This week Dion Weisler stepped down as CEO of HP and placed Enrique Lores into the role. This transition was a showcase of excellent succession planning given Enrique Lores both managed the largest part of HP and is one of their most successful executives. But what I want to focus on is priorities and why what Dion Weisler did should be a best practice that other top executives should take to heart. You see, we all retire at some point and I’ve known a lot of ex-CEOs most of which were very unhappy after they finally stepped down largely because they never put family first, so their family isn’t there when they finally have time.
Let’s talk about that this week.
Forgetting What’s Important
As I was listening to Dion talk about the reason he was stepping down, I recalled my grandfather, who was wedded to his job and the company he created in the oil business. His focus on work resulted in his kids getting very little of his attention and his son turned out to be a failure and his daughter died because they just weren’t high enough priorities in his life.
His daughter’s death broke him, he just wasn’t the same person after that, and when he did retire, he was left with a marriage where his wife resented the decisions he’d made and a son that blamed him for every mistake the son had made.
He spent much of the time I knew him trying to recapture the feeling he had as CEO and failing, which tended to make him drink too much and become increasingly abusive. I would describe his life as CEO as relatively empty of the things that a family could bring and the time after he finally retired as one of deep regret.
This lack of prioritizing seems to badly impact the lives of otherwise successful people who seem to forget that their reason for striving so hard is to benefit their family and then place the job in front of the people who were supposed to be at the center of their world. This ass-backward approach to work damages their ability to enjoy life and, I think, many would trade the massive wealth they’ll never spend for just of a few minutes more time with their young children, back when those kids still looked up to them.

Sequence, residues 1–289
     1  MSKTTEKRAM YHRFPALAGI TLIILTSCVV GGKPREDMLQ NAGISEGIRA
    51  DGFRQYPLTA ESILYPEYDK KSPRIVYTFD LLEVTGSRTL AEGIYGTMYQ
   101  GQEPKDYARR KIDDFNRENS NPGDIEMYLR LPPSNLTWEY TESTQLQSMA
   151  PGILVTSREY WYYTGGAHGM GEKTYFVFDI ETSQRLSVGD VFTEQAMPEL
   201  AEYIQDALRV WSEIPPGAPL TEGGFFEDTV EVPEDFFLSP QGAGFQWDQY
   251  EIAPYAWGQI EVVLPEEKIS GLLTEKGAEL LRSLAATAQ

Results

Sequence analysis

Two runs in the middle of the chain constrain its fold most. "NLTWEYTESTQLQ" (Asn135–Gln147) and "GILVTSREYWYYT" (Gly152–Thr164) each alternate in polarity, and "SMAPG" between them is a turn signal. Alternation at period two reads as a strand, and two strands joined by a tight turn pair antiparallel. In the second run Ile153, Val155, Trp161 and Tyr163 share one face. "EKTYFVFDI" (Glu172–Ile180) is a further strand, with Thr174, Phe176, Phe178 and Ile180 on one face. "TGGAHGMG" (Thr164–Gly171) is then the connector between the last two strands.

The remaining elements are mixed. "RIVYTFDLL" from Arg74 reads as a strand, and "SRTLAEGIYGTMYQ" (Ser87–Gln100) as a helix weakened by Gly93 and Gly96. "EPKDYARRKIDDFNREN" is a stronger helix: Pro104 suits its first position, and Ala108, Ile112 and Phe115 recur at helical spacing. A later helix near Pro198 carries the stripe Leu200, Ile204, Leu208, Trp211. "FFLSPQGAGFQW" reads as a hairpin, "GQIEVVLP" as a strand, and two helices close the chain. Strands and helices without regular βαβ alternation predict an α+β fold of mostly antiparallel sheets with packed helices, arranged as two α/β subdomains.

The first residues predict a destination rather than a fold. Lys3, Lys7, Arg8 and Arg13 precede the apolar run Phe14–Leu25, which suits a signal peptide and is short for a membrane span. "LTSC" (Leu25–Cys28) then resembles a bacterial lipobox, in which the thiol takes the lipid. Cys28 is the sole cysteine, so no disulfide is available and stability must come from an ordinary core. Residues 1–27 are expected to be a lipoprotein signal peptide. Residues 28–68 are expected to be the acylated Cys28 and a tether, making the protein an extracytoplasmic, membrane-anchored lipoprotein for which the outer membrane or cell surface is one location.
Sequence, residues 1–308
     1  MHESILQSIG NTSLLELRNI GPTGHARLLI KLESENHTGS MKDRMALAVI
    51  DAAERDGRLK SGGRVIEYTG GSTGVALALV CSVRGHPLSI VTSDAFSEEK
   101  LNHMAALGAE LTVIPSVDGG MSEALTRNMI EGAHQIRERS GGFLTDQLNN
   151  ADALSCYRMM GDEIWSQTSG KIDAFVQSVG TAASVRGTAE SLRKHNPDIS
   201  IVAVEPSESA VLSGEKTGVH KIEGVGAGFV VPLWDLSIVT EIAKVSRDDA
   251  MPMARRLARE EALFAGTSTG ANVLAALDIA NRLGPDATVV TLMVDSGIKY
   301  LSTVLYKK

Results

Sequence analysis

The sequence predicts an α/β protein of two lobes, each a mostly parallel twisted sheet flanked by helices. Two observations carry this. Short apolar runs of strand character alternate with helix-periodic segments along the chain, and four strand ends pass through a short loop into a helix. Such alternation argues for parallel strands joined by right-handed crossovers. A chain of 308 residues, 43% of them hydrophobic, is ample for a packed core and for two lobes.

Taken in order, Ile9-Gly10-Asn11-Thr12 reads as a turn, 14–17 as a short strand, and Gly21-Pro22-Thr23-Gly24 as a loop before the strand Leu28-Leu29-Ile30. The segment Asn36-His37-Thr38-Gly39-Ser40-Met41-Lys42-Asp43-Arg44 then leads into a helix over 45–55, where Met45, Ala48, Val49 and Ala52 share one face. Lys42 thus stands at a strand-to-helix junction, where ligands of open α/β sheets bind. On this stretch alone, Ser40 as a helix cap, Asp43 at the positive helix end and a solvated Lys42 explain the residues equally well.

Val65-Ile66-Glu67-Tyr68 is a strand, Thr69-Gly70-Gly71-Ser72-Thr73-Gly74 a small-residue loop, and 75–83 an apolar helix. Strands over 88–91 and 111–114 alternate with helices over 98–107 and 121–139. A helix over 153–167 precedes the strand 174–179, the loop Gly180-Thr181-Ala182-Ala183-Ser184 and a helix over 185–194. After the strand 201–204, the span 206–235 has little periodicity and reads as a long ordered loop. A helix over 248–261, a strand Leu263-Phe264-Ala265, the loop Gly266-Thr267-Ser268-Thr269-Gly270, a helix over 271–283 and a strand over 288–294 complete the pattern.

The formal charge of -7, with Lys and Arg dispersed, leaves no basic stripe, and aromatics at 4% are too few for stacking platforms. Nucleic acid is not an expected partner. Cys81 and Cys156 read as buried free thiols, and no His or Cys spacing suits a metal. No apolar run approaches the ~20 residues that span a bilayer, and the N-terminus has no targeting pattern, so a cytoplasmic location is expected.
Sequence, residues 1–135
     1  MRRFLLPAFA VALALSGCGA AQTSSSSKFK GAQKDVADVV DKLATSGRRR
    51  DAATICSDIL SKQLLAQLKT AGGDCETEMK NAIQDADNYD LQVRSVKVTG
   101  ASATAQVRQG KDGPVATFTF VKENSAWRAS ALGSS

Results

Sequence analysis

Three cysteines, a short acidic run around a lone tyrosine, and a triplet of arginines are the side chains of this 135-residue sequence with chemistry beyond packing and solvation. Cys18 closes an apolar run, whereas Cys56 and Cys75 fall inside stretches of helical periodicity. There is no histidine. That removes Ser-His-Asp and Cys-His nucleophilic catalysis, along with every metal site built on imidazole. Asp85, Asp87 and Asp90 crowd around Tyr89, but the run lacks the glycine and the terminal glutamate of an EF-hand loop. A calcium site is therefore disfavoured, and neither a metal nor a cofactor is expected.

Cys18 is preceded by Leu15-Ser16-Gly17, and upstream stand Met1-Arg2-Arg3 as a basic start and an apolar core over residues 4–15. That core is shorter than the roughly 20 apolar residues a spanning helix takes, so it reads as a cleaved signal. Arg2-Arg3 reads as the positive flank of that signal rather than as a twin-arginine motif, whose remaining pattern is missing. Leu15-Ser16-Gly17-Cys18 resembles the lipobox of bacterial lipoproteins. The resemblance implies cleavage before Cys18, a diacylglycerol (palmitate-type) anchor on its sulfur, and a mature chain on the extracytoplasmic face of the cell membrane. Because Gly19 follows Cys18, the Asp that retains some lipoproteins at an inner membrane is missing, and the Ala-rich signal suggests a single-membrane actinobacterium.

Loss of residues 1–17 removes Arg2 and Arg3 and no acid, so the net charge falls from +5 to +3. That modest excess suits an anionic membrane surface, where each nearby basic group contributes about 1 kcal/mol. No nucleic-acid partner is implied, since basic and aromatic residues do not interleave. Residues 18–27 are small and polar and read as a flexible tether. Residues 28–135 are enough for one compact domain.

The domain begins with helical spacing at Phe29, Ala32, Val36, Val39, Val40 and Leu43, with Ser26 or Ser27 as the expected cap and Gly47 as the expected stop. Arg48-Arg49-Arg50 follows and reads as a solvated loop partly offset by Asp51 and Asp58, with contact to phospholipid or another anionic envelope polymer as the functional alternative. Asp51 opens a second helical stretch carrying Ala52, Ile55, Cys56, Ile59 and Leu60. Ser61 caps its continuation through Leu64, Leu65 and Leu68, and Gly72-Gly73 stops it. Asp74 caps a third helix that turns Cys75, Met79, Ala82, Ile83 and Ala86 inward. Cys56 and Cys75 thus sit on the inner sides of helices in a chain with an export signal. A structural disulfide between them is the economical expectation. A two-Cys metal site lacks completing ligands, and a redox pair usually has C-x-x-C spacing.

I recall a conversation with one of the richest and most powerful venture capitalists (VCs) in Silicon Valley who lamented, once they retired, that no one seemed to care about their opinions—that the only people that enjoyed their expensive toys were their “friends,” and that their string of failed marriages, mostly done for status and appearances, were a waste. He was both one of the richest and one of the most unhappy people I’ve ever met.
Dion’s Better Path
What Dion Weisler showcased is a better path. Wealth and power are a trap, and they can lead to forgetting what is truly important. He doesn’t want to end his life, like so many others, regretting he didn’t do the right thing for his family, so he got his priorities straight and stepped down.
And the other unusual thing is that he picked the guy that was the best internal candidate and likely far stronger than any external candidate as well. A lot of CEOs seem more concerned that their successor will show them up, and boards often seem to feel they want someone from outside to “shake things up.” HP has gone down that path before with Carly Fiorina, and it didn’t end well. So Dion stepping down in favor of his family and picking a top replacement are both showcases of his better path.
There is a thing we call work/life balance, and most executives get this wrong. Also, most of the CEO changes I’ve seen over the years have gone badly because the CEO or the board, for a variety of bad reasons, make these choices badly. In this case, Dion is showcasing he understands the need to favor family over career—particularly later in life—and that picking the best candidate in Enrique Lores is also the best path for both him and HP. It is just nice to see these things go right for once. Congrats to Dion, Enrique, and HP’s board for a job very well done!
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